Receptors that mediate chemotaxis in Escherichia coli are paradigms for the large family of bacterial sensory receptors and a larger family of """"""""two-component"""""""" receptors. This proposal focuses on functional mechanisms and structures of chemoreceptors and the signaling complexes they form. This focus is consistent with the NIGMS mission of basic research that increases understanding of life processes and lays the foundation for medical advances. Studies will emphasize E. coli chemoreceptors and utilize biochemical, mutational, biophysical, structural and modeling approaches. Some approaches involve collaborative efforts with other research groups and several exploit advantages of chemoreceptors inserted in Nanodiscs, water-soluble plugs of lipid bilayer surrounded by a protein annulus, which are effective for manipulating receptors.
Specific aims address issues central to understanding chemoreceptors. 1) Structure of the fundamental receptor organizational and functional unit, the homodimer and structural changes linked to conformational signaling. Receptor structure and changes generated by ligand occupancy and/or adaptational modification will be characterized using site-directed spin labeling and electron paramagnetic resonance spectroscopy, high- resolution electron microscopy, X-ray diffraction, single-molecule F?rster resonance energy transfer (FRET) and molecular modeling plus coarse-grained molecular dynamics. Results will define the structure of this crucial unit and identify fundamental mechanisms of receptor intra-molecular and transmembrane signaling. 2) Functional properties of core signaling complexes, the fundamental unit of kinase activation and control. Comprehensive characterization by functional assays will be performed on purified, kinase-activating core complexes isolated using Nanodisc-inserted receptors. Results will define the extent to which each function of signaling complexes is performed by the core unit. Functional interactions between heterologous receptors in purified core complexes will be probed, addressing basic issues of allosteric coupling and providing insights into signal integration and inter-receptor interactions. 3) Structural properties of core signaling complexes. Purified complexes will be characterized for stability by assaying activity and retention of components, for size and homogeneity by analytical ultracentrifugation and high-performance, size-exclusion chromatography, and for three-dimensional organization by advanced techniques of electron microscopy and molecular modeling. Results will provide crucial information about the structure of core signaling units. 4) Non-conventional kinetics of adaptational modification. Non-conventional kinetics of receptor methylation and demethylation will be studied using strategies of transient-state kinetics and advanced fitting software. Results will identify reaction parameters and mechanisms, providing fundamental information about mechanisms of chemoreceptor sensory adaptation. Overall, the proposed research will increase understanding of signaling by transmembrane receptors. Such signaling, present in many life processes, is relevant to human health and disease.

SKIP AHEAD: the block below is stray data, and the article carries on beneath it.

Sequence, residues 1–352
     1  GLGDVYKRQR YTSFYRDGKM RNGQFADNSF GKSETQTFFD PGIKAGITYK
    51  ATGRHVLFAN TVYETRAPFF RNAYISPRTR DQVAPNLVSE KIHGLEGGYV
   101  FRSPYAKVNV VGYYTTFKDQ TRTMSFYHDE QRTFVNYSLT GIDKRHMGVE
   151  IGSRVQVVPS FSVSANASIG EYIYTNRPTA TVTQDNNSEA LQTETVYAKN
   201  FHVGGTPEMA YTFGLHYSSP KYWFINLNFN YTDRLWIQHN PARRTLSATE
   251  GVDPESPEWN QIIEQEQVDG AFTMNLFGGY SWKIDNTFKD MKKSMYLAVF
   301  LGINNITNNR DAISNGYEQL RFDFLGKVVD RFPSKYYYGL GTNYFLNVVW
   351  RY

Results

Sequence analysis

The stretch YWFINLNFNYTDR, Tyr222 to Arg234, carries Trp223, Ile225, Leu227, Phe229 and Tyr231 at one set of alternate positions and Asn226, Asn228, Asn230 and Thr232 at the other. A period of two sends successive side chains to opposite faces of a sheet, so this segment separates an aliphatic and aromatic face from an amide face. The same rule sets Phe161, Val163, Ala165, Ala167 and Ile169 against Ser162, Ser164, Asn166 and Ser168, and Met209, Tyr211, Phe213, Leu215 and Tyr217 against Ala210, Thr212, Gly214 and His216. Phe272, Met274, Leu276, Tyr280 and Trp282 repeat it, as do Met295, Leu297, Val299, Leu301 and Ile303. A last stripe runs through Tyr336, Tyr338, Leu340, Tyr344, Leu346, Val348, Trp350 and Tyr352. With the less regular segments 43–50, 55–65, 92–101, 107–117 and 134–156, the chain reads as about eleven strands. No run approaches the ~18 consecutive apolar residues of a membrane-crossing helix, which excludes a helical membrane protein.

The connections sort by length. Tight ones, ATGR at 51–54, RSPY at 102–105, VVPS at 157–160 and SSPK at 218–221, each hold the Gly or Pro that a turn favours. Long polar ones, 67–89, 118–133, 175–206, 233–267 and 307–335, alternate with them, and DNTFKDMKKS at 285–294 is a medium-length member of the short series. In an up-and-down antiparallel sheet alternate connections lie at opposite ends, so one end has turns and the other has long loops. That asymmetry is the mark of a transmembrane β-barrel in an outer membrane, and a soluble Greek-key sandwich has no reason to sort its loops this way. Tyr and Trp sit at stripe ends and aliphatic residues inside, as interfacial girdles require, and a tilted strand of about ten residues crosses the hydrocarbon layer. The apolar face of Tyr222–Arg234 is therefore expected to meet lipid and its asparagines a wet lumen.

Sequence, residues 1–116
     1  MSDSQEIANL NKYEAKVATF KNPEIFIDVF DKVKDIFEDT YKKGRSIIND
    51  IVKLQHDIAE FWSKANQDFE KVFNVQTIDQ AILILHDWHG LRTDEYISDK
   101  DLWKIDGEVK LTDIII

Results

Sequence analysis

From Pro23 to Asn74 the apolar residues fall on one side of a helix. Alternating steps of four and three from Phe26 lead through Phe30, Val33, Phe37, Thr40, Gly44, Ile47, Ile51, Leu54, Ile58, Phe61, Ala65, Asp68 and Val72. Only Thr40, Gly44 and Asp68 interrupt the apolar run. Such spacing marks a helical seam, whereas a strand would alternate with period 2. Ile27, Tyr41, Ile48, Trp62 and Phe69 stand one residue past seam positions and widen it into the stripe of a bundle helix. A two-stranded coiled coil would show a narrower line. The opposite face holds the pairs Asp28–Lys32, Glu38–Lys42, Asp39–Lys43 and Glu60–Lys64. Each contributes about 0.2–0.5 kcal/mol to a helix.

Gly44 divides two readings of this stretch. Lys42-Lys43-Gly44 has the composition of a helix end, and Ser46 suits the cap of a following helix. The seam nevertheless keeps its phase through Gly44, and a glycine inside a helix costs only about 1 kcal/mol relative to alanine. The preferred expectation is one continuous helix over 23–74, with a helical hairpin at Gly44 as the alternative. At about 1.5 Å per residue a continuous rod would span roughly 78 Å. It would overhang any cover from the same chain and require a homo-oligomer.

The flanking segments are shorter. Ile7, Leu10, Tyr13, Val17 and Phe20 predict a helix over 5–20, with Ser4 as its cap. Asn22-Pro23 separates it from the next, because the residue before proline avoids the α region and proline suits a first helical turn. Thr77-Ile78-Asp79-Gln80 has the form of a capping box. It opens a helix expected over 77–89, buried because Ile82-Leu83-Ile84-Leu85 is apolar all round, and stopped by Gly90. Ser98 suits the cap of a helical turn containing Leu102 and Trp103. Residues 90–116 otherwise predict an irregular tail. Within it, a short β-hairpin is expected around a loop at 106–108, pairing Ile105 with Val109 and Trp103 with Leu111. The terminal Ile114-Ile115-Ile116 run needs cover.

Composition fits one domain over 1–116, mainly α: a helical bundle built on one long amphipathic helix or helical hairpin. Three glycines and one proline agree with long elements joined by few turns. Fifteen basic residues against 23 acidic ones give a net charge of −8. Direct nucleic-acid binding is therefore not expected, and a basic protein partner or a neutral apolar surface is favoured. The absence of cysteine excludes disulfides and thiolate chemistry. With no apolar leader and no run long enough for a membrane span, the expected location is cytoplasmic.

The ability to sense and respond to the surrounding environment is a fundamental and essential biological process shared by all living cells. We are investigating this process in bacterial cells which are easier to manipulate than more complex cells like those in humans, with the aim of discovering basic principles. Knowledge of these principles will aid the understanding and treatment of the many human health problems caused by defects in the ability of cells to sense and respond.
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